To the author,
It was with a sense of sadness that I read your article Why I’m Not Turning My Facebook Photo Blue, White & Red. At best I found the article patronising, at worst I felt you misjudged the sentiment of an authentic, compassionate movement which allowed thousands around the world the opportunity to simply and eloquently express their overwhelming grief at a time when words alone failed to describe our collective despair.
I respect your decision not to change your photo, that is your choice and thankfully we’re lucky enough to live in countries where we enjoy the luxury of expressing and debating different opinions openly.
You ask, ‘why do we change our photos, really?’ You also asked for us to pause for a moment to reflect on what the act of changing a simple photo means.
Here then, after pausing for reflection, is what it means to me and to thousands like me. I hope that in some of these words you may begin to understand and believe that hope can be found in the simplest of gestures.
We change it for the young lovers gunned down for enjoying a night of romance in a beautiful city. We change it for the father who carried his young son to safety, not knowing whether either would live. We change it for the pregnant young woman who clung frantically from a ledge, desperate to protect her unborn child. We change it for the man stumbling out onto the street, his shirt soaked in blood, his life ripped apart.
Yes we change it to show solidarity but the sentiment runs deeper.
It is visceral, haunting, excruciating.
We change it because the diners at Le Petit Cambodge could have been our mother, our brother, our girlfriend or partner. We change it because they never stood a chance.
Their blood flowed on the pavements of Paris yet they had not donned uniforms nor armed themselves for battle. On a cool, calm night in Paris, war was the furthest thing from their minds. Their only crime was to live life as it is should be lived—free and with joy. We change it for them.
You ask, ‘what does it change?’
It changes everything.
It says we will stand up when we’re told to live in fear. It says that there is hope. It says that we will fight for our way of life, the right to live, to love, to revel in the simple thrill of being alive. We will not be cowed by a fanatical minority. It says that hate can’t, that it won’t, win.
It says that we’re all in this together. It reminds us that for all of our differences, we’re all very much the same, with similar hopes and dreams and worries. It says that we share in the sorrow of loss but also that we share in the resolve to not give in to despair.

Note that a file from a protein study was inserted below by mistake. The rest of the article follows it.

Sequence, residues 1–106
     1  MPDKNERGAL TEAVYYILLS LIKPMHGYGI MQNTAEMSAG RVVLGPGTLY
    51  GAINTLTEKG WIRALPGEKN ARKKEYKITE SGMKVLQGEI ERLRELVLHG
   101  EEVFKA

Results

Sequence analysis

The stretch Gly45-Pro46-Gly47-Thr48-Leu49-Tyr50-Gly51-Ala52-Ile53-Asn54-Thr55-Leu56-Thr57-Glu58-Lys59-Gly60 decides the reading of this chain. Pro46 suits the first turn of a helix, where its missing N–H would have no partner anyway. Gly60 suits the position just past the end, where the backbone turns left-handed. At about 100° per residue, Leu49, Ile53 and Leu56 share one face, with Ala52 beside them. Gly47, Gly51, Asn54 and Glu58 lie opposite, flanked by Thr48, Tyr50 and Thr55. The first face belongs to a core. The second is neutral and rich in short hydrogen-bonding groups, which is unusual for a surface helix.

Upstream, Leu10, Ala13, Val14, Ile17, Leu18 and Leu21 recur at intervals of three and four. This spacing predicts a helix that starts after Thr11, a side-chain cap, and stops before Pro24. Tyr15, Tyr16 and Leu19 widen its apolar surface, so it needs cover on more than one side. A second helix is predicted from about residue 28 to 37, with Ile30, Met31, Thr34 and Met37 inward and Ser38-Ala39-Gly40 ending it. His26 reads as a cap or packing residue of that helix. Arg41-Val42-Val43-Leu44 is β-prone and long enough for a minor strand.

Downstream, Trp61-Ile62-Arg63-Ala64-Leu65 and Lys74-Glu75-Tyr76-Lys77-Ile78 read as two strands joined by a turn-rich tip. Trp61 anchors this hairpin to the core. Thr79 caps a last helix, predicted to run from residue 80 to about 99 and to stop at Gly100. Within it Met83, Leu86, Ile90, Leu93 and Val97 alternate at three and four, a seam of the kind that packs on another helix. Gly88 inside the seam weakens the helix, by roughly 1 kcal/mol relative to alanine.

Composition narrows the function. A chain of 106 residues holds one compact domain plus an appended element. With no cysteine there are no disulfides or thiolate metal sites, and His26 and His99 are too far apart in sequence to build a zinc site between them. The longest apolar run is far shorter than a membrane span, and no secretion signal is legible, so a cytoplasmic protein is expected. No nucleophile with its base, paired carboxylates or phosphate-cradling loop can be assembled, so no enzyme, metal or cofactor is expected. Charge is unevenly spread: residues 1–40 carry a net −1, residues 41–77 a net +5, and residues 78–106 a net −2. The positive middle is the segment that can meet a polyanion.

We change it knowing that the altruism shown by #PorteOuverte, the lines of blood donors and the help of those throughout the city have had an impact. We change it knowing that many risked their lives to help, that while the worst of human nature was so grotesquely on display, it was outshone by selfless acts of valour and kindness. We may not have been able to personally save a life, but we can show them we care, that we appreciate, value and honour their heroism.
So no, for thousands it was not a ‘quickie photo change’—it meant a great deal.
Yes, it felt like “the right thing to do” and why should there be any shame in that? It gave expression to piercing grief and soothed the inconsolable with a message of empathy. To judge those changing a photo only through the eyes of your own social media experience is to pity their choice of expression and their sense of loss, without first trying to more clearly understand their sentiment.
Nelson Mandela once said: “Our human compassion binds us the one to the other—not in pity or patronizingly, but as human beings who have learnt how to turn our common suffering into hope for the future.”
We changed our pictures because we are human and because when the world seems at its darkness, even the smallest act of compassion can bring salvation.
Author: Simon Revington
Editor: Caitlin Oriel
Image: H. Michael Karshis/Flickr